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thirty the sheriff had come hack from the cabin of the negro,
where further investigations were being made. He and his
men had, earlier, taken the negro out to the cabin and had
made him indicate the precise place where, according to his
story, the frog found the knife. Then one of the deputies
had taken the negro back to town, handcuffed to the buggy
seat. The sheriff and his men had searched the cabin and
the shed and the crib. On the north side of the crib,
diagonally across from the place indicated by the negro, they
had found a large silver watch on a plaited thong, stuck in a
crevice between two pieces of limestone on which the crib
was set. The watch was identified as Duffy's, by Duffy's son.
After the defendant had told on the stand of the theft of the
knife from the table in his kitchen, and after the knife and
the watch had been produced and identified, Mr. Munn
moved that the case against Harris Trevelyan be dismissed.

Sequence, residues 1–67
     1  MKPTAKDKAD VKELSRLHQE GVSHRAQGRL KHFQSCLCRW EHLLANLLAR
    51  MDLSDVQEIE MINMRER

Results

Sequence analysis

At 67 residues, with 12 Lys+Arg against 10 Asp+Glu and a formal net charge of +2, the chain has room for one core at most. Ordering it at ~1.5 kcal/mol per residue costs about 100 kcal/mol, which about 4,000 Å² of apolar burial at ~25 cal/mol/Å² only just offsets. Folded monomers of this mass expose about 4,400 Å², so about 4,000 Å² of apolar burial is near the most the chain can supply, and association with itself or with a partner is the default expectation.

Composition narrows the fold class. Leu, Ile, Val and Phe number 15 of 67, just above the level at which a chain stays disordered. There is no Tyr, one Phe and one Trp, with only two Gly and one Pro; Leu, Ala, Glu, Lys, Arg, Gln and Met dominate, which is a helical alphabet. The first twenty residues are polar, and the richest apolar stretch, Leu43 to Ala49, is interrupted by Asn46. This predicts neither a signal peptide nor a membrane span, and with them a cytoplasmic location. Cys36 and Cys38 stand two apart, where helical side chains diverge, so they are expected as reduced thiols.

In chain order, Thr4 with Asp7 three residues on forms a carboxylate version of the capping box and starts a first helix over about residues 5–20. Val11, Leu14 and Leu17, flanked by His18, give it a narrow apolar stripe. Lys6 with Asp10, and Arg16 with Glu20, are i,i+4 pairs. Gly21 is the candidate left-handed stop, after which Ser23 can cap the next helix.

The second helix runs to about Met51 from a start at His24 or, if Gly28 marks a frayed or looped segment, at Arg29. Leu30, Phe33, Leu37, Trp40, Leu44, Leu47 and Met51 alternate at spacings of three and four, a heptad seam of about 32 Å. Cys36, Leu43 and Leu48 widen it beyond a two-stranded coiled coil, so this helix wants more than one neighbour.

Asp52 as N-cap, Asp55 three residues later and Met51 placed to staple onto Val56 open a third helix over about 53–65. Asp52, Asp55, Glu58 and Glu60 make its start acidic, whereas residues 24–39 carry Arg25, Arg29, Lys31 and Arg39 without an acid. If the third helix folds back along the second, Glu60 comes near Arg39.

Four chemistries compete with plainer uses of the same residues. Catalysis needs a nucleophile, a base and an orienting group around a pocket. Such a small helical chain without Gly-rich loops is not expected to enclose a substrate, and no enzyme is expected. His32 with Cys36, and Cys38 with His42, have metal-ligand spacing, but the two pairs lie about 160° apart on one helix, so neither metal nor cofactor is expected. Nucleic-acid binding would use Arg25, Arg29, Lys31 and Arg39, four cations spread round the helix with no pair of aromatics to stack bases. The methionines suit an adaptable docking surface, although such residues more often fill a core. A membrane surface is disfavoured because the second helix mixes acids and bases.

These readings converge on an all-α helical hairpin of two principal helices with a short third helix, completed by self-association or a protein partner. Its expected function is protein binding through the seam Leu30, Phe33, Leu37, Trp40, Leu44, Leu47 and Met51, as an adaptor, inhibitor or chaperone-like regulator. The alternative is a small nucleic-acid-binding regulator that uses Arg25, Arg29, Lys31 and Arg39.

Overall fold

The motion was granted.
Mr. Munn walked toward the chair where Trevelyan sat.
He forced himself to smile as he put his hand out to Trevel-
yan, saying, "Well, and that's that, and I hope it'll be the
end of your troubles."
Trevelyan rose slowly from his chair, looked for an instant
at Mr. Munn's outstretched hand as though he did not
comprehend the gesture, and then offered his own hand.
"Kin I go now?" he asked.
Mr. Munn nodded, and moved toward the aisle. Trevel-
yaa's wife was standing there with a hand on the railing,
looking toward her husband. But when Mr. Munn approached
her, she turned to him and seemed to be about to speak.
She was wearing that blue crepe<le~Chine dress, he noticed,
and an old brown coat which hung loosely from her shoul-
ders. " I'm much obliged," she said, her voice fiat.
"That's ai! right," Mr. Munn replied, feeling suddenly
embarrassed and, somehow, unworthy.
** Fm much obliged," she repeated.
** That's all right We just had luck," Mr. Munn told her,
and then realized that the woman was not looking at liim